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CD Projekt "aware of the issues" plaguing The Witcher 3's long-awaited update on PC

UPDATE: Studio still "investigating", provides tips on how to fix.

The game Geralt but clad in the Netflix Witcher armour, all sexy black leather and smoulder.
Image credit: Picture: CD Projekt Red.

UPDATE 16/12/22: CD Projekt has provided an update on the technical issues seen by some players in The Witcher 3's "Next-Gen" update.

In a fresh post, the developer said it was "currently investigating" PC game crashes and low ray-tracing performance on Intel GPUs, as well as an issue where players who owned the game on Origin were unable to update it.

A separate issue with The Witcher 3's PlayStation 5 version has seen the game's expansions "unavailable in some regions".

CD Projekt has also provided a series of suggestions for how The Witcher 3 PC owners experiencing issues to try. The studio suggests ensuring your PC's drivers are up to date and that you have selected the correct version of the game (DirectX 11 or 12) that best fits your setup.

The game's DirectX 11 Version lacks support for ray-tracing and other graphical improvements.

"Players with less powerful hardware who experience performance issues might want to consider playing the game using the DirectX 11 Version," CD Projekt wrote.

As a last resort, Steam and GOG also allow you to roll back your game to an earlier version.

ORIGINAL STORY 14/12/22: The Witcher 3 developer CD Projekt Red has released a statement acknowledging the technical issues being faced by many PC players today following the installation of the game's long-awaited "next-gen update".

Throughout the day, users have been taking to social media and to Steam's review section to make their feelings clear about the game's performance on their PC setups. Overall, the suggestion is the game is punishing on CPUs - even high-end ones - if you have ray-tracing switched on.

Some users have said they've since used Steam's roll-back functionality to remove the update entirely.

Watch on YouTube
Digital Foundry gets an early preview of the update - on PlayStation 5 and Xbox Series X/S.

"We are aware of the issues PC players have been reporting since last night's release of the update," CD Projekt said in a statement posted to Twitter this afternoon. "We are actively investigating all of the reports and will be providing an update on particular issues as soon as possible. Thank you for your patience!"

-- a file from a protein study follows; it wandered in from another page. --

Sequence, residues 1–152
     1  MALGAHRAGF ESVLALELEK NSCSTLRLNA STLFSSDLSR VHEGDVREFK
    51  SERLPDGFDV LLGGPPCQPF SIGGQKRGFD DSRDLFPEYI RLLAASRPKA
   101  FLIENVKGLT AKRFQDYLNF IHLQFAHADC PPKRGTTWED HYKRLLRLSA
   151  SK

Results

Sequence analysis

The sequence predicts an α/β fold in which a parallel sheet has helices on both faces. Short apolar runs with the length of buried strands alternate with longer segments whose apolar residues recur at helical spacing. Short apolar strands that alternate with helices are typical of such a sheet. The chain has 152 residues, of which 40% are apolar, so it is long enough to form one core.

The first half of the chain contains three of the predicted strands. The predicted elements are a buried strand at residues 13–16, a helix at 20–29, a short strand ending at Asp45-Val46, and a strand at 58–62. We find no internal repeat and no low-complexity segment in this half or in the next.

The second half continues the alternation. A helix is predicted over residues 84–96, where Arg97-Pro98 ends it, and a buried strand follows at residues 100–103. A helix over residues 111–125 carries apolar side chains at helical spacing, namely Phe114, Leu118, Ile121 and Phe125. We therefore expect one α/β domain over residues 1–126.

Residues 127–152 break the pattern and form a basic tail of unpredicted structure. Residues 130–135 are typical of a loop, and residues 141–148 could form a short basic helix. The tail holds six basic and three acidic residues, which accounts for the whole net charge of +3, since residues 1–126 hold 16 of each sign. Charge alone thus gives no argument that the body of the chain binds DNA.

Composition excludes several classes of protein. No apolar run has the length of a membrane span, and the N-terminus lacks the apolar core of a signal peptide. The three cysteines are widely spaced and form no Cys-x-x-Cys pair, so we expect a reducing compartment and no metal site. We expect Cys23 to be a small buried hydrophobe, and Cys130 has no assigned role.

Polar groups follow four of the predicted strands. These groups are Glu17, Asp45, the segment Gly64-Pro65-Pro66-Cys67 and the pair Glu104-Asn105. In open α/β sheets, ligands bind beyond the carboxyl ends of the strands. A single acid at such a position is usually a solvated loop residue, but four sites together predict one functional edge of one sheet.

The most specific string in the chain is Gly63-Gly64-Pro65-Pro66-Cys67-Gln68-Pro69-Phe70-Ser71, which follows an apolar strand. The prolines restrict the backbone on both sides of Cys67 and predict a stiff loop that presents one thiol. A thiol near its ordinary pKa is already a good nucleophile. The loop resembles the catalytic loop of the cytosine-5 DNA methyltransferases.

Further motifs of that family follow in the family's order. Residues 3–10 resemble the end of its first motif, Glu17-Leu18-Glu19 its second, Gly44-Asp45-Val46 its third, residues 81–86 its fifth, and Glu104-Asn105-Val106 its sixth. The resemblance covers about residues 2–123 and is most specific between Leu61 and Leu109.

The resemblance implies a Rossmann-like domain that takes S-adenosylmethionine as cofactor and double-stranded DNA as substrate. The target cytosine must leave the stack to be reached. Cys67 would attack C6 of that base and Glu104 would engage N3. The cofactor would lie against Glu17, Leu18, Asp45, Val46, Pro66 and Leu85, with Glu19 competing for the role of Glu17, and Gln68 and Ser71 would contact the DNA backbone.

"While the team is working on fixing the issues PC players have been reporting, please make sure to have the latest Nvidia drivers installed as it may help with some of the problems you're experiencing," CD Projekt spokesperson Marcin Momot added. "Again, thanks everyone for your patience!"

Users have branded the update as a "mess" and criticised its optimisation, and the game's Steam page has seen a spike in negative reviews today.

"RTX 3080 here. I went to Novigrad with ray-tracing on I was probably below 30 fps no matter the resolution," one user said. "It's unbelievable."

Others have suggested the update should have been made optional, so users had a clear choice on whether to accept its changes or not.

"I didn't want or ask for a free 'auto' download next-gen update," another person wrote. "I am still running a i7-4770 with a gtx-1660ti and 36gb of ram. The game was running great. Now it's a hot mess. I feel as if my game was stolen from me. This was not what I bought. This should have been a optional DLC download."

CD Projekt's statement suggests the studio knows it has missed the mark somewhat. It also, many onlookers have pointed out, brings back memories of the company's previous troubled launch, Cyberpunk 2077.

Digital Foundry currently has The Witcher 3's new update under the microscope for both PC and consoles - on which we've not heard of similar problems. Stay tuned for their verdict.

While you wait, Eurogamer has a compendium of The Witcher 3 coverage here for you, including that time our Bertie went and trained at the official Witcher school, and the time he tracked down the series' original writer, Polish author Andrzej Sapkowski, to hear what he thought about the video games.

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